Fixation with banking negates clear thinking
The discussion of the report by the Independent Commission on Banking, otherwise known as the Vickers Commission, reveals a crisis not so much of banking but of thinking.
An elementary failure of logic means that the debate has failed to grasp the key challenges facing the British economy.
It has become widely accepted that the recession of 2008-09 was largely driven by problems in the financial sector. Therefore, so the argument goes, banking reform should substantially reduce the likelihood or impact of such crises arising in the future. This assumption is so pervasive that is it often thought there is no need to state it explicitly.
Such an approach fails to recognise the possibility that there could be a difference between the proximate cause of the recession and its underlying dynamic. Although the crisis emerged in the financial sector, particularly banking, it was driven by more fundamental forces.
“The bubble that inflated in the run-up to 2008 did not emerge simply as the result of greedy, or at least careless, banks”
The bubble that inflated in the run-up to 2008 did not emerge simply as the result of greedy, or at least careless, banks. That is just a one-sided morality tale. The authorities on both sides of the Atlantic played a key role in creating it.
Action by the state helped to inflate the bubble in several ways. Low interest rates, high public spending and the liberalisation of lending rules all played a role. Bankers were certainly complicit in this arrangement, they were no innocent party, but the authorities played a central part too.
Politicians were not simply being foolish. They wanted to keep the economy ticking over but lacked the courage or insight to tackle its fundamental weaknesses. Their preferred solution was to muddle through by encouraging the extension of credit. (continues below)
It would have been far better if the authorities had been willing to tackle underlying economic weaknesses such as low levels of investment, research and innovation. Instead their alternative was to encourage credit expansion and bolster the financial sector.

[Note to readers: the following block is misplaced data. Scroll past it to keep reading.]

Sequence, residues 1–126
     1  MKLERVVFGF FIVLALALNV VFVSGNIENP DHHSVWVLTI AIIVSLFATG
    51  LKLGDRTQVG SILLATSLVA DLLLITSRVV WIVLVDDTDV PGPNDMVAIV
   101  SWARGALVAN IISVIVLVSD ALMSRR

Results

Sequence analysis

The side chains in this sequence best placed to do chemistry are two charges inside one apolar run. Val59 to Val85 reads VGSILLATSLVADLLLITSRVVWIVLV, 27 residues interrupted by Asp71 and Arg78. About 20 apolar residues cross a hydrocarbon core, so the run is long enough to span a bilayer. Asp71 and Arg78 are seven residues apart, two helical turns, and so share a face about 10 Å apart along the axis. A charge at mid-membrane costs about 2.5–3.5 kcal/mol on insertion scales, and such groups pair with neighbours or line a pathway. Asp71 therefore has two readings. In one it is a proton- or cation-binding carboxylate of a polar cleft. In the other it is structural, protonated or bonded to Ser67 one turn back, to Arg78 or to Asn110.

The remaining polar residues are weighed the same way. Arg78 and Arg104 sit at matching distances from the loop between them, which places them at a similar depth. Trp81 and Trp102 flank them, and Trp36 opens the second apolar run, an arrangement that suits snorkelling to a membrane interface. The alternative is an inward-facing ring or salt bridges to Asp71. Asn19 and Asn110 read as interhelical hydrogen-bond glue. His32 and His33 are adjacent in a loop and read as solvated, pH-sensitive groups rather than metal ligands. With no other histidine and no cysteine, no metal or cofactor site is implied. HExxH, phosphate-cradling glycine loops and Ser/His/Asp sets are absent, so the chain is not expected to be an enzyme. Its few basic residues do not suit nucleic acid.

When the bubble burst in 2008 both government and opposition moved quickly to heap the blame on “greedy bankers”. As a result a one-sided account of the crisis, with bankers as the evil party and politicians as innocent bystanders, has taken hold.
The outcome was incredibly successful for politicians in the short term, since it absolved them of responsibility, but bad for the rest of us. A new regulatory edifice is likely to be created which is at best irrelevant to the needs of the economy.
Indeed it arguably makes matters worse. In effect it validates the view that bad bankers were to blame for the crisis and leaves the economy’s key weaknesses unchallenged.
If the financial crisis was an expression of a deeper economic crisis it follows that regulation cannot solve the underlying problem. The new regulatory system will simply mean that the crisis expresses itself in a different way next time.
It is particularly ironic that the blinkered discussion of Vickers coincides with a eurozone debt crisis that threatens the integrity of the European banking system.
Daniel Ben-Ami is a writer on economics and finance. His personal website can be found at www.danielbenami.com.
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